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The right to housing is a term used by various international associations that state that all people, throughout the world, have a right to live inside of a home, rather than on the street. Of course, in many areas of the world, no actual laws or official movements exist to ensure this theory, but many areas do help various types of people find homes. This concept allows for people of all races and genders, as well as sexual orientation, the right to housing in such a way as to allow them to live at an adequate standard of living level.
This concept has a very broad way of thinking, and the right to housing may be interpreted differently from one area to another, but the basic concepts are all the same. It symbolizes peace, safety, and self-respect for all people. For this reason a slum, which is a place that offers very little shelter and safety, is not recognized as a proper type of housing. Security means that people can live without having to worry about guarding their possessions, or even their lives, in some areas. Being able to live in peace and harmony with their neighbors is imperative to obtain a normal standard of living.
In order for low income people to receive help from state and federal agencies, they are required to have a permanent address. If the agency cannot verify that the person actually has a residence, then they will not be offered any help when it comes to food and medical care. It is also extremely hard, if not impossible, to actually obtain a job if a residence is not listed on the application because employers need to know that the people they hire will stay working for a long period of time. People that do not have an address are not prime candidates when local businesses hire new employees. This is one argument for the right to housing proponents.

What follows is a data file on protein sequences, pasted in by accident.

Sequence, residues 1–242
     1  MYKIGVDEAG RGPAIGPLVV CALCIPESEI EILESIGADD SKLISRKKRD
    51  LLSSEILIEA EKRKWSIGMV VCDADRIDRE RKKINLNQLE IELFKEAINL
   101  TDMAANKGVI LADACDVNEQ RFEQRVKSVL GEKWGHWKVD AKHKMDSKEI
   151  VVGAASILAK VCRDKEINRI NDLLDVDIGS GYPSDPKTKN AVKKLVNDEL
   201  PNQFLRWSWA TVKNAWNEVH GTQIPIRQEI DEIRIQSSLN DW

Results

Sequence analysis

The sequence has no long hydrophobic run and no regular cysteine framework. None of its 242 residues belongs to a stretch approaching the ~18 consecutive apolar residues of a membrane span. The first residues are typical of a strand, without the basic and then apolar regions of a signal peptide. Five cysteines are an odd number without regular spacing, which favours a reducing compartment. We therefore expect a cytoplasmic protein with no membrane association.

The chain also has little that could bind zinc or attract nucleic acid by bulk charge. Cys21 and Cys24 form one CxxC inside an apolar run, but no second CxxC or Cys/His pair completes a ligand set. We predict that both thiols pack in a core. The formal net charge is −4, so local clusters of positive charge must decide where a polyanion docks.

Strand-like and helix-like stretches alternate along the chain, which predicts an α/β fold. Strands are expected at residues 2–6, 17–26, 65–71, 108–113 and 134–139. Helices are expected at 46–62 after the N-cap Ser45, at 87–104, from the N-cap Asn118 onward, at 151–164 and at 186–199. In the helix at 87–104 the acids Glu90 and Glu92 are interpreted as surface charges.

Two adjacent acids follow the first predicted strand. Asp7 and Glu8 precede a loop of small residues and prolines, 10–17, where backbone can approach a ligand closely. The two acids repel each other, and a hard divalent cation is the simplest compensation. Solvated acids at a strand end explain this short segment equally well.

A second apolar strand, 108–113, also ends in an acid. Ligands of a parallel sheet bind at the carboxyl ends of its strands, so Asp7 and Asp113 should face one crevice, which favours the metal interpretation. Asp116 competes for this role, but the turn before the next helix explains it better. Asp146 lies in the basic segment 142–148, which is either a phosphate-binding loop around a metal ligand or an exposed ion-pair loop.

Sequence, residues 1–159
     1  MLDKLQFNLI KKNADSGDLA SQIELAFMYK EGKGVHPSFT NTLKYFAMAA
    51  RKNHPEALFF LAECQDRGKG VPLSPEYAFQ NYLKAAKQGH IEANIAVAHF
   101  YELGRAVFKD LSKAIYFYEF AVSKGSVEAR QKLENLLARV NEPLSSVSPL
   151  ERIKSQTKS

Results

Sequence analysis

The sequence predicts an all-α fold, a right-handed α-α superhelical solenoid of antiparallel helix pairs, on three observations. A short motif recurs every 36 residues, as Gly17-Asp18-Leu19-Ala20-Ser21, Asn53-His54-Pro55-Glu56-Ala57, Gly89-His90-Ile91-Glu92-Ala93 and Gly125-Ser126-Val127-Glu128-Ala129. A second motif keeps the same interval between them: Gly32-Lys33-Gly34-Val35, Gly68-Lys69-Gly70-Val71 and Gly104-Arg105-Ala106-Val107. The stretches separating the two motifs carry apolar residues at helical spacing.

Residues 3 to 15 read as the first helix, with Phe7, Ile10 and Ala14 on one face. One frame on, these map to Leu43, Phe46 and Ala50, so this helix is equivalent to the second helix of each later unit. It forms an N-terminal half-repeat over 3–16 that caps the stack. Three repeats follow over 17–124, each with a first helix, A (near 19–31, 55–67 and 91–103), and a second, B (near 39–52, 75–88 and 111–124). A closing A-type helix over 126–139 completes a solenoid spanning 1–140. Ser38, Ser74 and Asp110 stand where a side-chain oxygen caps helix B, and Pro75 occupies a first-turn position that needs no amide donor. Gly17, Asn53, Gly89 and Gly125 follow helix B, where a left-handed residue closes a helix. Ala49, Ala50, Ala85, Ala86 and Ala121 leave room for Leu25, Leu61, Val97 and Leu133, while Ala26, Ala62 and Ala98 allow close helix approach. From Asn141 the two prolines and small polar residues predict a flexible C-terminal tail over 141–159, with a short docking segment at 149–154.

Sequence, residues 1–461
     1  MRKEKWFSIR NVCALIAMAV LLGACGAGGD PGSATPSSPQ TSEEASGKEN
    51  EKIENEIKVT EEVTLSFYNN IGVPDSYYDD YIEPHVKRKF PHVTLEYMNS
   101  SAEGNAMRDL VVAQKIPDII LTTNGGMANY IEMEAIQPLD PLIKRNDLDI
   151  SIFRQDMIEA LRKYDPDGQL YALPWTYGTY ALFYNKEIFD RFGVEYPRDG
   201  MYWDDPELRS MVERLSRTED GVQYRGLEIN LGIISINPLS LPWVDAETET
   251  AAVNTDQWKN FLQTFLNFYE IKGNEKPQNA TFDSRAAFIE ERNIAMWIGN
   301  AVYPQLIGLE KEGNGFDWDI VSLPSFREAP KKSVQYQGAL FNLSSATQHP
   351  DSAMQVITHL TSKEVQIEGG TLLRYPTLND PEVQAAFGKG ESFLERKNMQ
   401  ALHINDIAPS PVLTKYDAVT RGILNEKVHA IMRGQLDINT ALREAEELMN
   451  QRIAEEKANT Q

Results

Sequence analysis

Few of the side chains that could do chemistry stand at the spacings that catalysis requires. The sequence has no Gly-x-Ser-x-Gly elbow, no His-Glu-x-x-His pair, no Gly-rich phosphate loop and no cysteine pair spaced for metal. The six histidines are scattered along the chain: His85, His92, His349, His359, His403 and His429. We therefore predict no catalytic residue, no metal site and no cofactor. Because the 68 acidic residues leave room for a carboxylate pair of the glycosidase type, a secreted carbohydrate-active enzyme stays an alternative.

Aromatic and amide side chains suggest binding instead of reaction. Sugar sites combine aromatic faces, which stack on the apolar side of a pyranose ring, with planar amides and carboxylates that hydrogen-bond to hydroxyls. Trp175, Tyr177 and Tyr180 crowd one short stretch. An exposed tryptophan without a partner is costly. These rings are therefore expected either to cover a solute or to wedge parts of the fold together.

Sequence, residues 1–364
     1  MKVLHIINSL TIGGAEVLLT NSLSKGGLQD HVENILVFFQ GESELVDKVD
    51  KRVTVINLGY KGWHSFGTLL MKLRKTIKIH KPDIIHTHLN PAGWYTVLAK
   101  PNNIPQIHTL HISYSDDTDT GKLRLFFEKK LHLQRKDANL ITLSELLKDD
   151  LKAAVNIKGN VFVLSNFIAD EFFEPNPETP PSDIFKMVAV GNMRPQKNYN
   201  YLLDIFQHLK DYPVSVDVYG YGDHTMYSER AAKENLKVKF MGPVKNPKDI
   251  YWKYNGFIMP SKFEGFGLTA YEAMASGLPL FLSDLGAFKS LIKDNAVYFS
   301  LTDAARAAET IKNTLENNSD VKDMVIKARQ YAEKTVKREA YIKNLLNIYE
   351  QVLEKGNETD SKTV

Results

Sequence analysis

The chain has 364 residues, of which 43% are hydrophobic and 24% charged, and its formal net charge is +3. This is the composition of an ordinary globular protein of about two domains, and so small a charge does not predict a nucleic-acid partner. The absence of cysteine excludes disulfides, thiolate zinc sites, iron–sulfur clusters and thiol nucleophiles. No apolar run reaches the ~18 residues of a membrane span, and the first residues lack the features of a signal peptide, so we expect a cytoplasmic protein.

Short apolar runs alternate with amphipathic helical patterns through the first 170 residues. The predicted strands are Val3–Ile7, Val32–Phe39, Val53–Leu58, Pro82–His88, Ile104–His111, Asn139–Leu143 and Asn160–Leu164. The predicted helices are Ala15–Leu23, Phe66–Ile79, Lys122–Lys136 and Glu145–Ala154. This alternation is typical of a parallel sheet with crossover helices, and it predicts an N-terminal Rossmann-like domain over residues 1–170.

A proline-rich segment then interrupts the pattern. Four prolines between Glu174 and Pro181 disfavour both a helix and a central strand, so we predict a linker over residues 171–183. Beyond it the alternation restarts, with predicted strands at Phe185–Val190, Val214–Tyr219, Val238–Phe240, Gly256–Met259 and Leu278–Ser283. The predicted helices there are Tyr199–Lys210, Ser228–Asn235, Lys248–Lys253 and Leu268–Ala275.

An international covenant on economic, social, and cultural rights states in article 11.1 that people have the right to proper food, clothing, housing, and developing their specific living conditions. Article 27 also protects the rights of people to have proper shelter because children need a normal standard of living in order to prosper and grow into good citizens. A common problem in the past was restricting access to housing units to only people of a certain race or sex. The International Conventions on the Elimination of All Forms of Racial Discrimination and Discrimination Against Women put an end to this in Article 5, section ‘e’, which covers racism and Article 14, section 2h, which protects the rights of women to have a right to housing.